The Arctic & COP21:Week in Review

Coverage of COP21 dominated your most- read Eye on the Arctic stories this week. (Dominique Faget/AFP/Getty Images)
On this week’s news round-up, we bring you some of your most read stories from Eye on the Arctic this past week. Coverage of  COP21 and its implications for the North dominated your picks this week:

– Peter Taptuna, the premier of Canada’s eastern Arctic territory of Nunavut, talks about the economic consequences of a changing climate in the North and what he expects from COP21

– The population of Canada’s Peary caribou herd is rebounding but the future remains uncertain.

-Arctic expert Sébastien Duyck takes us through the role of the Arctic in international climate negotiations and what to watch for in the days ahead.

-Finland’s president Sauli Niinistö talks about global warming in Arctic countries like Finland and why ‘small steps will no longer do.’

-A 187.7 carat diamond mined in Canada’s Far North makes its international debut in London, England

That’s all from us for now. We’ll be back next week with the latest stories and newsmakers from across the North.

Write to Eilís Quinn at eilis.quinn(at)

Eilís Quinn, Eye on the Arctic

Eilís Quinn is an award-winning journalist and manages Radio Canada International’s Eye on the Arctic news cooperation project. Eilís has reported from the Arctic regions of all eight circumpolar countries and has produced numerous documentary and multimedia series about climate change and the issues facing Indigenous peoples in the North.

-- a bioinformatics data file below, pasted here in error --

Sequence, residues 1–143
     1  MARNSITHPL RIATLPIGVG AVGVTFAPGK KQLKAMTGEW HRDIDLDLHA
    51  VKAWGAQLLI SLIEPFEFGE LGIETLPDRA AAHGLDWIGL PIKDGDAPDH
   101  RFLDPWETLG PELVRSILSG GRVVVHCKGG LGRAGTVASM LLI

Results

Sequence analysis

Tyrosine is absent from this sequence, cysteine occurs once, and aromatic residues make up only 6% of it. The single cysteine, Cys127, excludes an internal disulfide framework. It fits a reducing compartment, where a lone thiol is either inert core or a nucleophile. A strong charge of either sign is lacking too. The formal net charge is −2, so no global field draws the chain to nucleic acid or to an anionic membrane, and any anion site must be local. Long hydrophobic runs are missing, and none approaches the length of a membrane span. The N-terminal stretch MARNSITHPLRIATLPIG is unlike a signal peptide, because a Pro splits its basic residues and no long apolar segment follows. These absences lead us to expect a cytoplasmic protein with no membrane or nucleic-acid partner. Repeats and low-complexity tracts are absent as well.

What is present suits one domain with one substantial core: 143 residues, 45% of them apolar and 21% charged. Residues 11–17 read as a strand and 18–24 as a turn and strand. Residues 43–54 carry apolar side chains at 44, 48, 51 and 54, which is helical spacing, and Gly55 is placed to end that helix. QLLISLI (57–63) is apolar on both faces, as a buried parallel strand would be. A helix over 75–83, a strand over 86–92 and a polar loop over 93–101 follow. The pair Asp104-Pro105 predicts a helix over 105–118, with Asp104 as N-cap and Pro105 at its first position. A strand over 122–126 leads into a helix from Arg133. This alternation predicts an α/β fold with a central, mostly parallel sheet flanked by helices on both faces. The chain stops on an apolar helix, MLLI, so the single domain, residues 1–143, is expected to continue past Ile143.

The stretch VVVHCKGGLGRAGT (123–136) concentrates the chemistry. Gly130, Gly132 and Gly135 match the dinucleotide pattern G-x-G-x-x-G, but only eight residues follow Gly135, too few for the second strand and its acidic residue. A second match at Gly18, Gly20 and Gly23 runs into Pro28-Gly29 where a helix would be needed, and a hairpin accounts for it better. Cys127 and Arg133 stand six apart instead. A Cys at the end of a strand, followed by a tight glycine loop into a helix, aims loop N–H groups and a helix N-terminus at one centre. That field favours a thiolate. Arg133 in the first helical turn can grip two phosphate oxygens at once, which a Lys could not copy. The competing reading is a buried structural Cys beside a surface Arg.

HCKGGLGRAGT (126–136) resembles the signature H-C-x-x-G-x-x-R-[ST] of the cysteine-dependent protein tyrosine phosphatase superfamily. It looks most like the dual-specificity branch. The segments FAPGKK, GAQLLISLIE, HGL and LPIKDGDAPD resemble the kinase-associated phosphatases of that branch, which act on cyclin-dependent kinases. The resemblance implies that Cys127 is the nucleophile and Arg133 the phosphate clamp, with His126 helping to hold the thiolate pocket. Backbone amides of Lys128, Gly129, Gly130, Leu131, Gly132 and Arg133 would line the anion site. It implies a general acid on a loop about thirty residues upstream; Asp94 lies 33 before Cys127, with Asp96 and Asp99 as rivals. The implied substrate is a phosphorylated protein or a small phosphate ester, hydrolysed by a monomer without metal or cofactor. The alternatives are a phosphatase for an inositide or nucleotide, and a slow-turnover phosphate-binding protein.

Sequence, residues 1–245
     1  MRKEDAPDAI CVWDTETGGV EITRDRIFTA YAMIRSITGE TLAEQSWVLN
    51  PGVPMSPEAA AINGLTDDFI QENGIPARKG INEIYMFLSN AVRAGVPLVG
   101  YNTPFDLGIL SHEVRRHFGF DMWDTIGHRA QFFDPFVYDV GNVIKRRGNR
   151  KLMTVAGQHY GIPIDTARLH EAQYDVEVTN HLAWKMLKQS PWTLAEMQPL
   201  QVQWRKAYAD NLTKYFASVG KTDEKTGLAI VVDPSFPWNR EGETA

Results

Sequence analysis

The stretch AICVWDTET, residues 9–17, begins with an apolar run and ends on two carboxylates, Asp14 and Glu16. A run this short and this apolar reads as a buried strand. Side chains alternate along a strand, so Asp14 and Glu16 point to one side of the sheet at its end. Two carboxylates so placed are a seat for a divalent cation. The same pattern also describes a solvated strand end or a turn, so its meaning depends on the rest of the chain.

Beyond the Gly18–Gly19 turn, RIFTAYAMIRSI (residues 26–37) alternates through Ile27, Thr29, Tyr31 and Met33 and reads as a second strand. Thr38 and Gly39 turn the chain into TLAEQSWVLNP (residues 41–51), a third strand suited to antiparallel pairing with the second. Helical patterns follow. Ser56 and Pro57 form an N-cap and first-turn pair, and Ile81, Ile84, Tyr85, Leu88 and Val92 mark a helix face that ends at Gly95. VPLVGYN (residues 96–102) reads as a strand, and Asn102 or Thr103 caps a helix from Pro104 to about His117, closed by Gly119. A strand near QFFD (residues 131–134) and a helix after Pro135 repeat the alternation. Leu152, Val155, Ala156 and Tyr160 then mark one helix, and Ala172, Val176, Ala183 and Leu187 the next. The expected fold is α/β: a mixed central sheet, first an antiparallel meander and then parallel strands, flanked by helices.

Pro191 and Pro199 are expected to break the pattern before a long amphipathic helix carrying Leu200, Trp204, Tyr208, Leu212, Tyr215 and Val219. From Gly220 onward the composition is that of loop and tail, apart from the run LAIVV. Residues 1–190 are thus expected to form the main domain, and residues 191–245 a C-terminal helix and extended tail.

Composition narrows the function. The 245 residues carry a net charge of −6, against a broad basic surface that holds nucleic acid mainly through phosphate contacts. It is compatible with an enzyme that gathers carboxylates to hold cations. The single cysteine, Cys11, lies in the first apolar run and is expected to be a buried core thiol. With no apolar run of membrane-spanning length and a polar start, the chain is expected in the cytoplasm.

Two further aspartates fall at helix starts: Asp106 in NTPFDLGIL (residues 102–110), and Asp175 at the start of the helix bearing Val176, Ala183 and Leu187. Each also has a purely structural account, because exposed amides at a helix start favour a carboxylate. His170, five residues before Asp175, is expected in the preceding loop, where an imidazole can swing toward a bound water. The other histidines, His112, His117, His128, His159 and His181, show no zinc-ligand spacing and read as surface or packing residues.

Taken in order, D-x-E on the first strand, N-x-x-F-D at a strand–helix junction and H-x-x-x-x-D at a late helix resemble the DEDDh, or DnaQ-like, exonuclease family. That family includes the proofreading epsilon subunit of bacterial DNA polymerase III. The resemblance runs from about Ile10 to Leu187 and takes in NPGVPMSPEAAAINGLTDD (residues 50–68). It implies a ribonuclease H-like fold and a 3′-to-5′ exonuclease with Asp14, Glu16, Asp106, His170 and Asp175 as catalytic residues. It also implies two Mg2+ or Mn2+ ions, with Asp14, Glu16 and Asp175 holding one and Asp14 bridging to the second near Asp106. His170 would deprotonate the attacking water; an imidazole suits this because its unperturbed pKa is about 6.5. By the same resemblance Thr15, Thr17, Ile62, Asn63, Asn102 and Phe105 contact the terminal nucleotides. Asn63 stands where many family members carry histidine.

Her investigative report "Death in the Arctic: A community grieves, a father fights for change," about the murder of Robert Adams, a 19-year-old Inuk man from Arctic Quebec, received the silver medal for “Best Investigative Article or Series” at the 2019 Canadian Online Publishing Awards. The project also received an honourable mention for excellence in reporting on trauma at the 2019 Dart Awards in New York City.

Her report “The Arctic Railway: Building a future or destroying a culture?” on the impact a multi-billion euro infrastructure project would have on Indigenous communities in Arctic Europe was a finalist at the 2019 Canadian Association of Journalists award in the online investigative category.

Her multimedia project on the health challenges in the Canadian Arctic, "Bridging the Divide," was a finalist at the 2012 Webby Awards.

Her work on climate change in the Arctic has also been featured on the TV science program Découverte, as well as Le Téléjournal, the French-Language CBC’s flagship news cast.

Eilís has worked for media organizations in Canada and the United States and as a TV host for the Discovery/BBC Worldwide series "Best in China."

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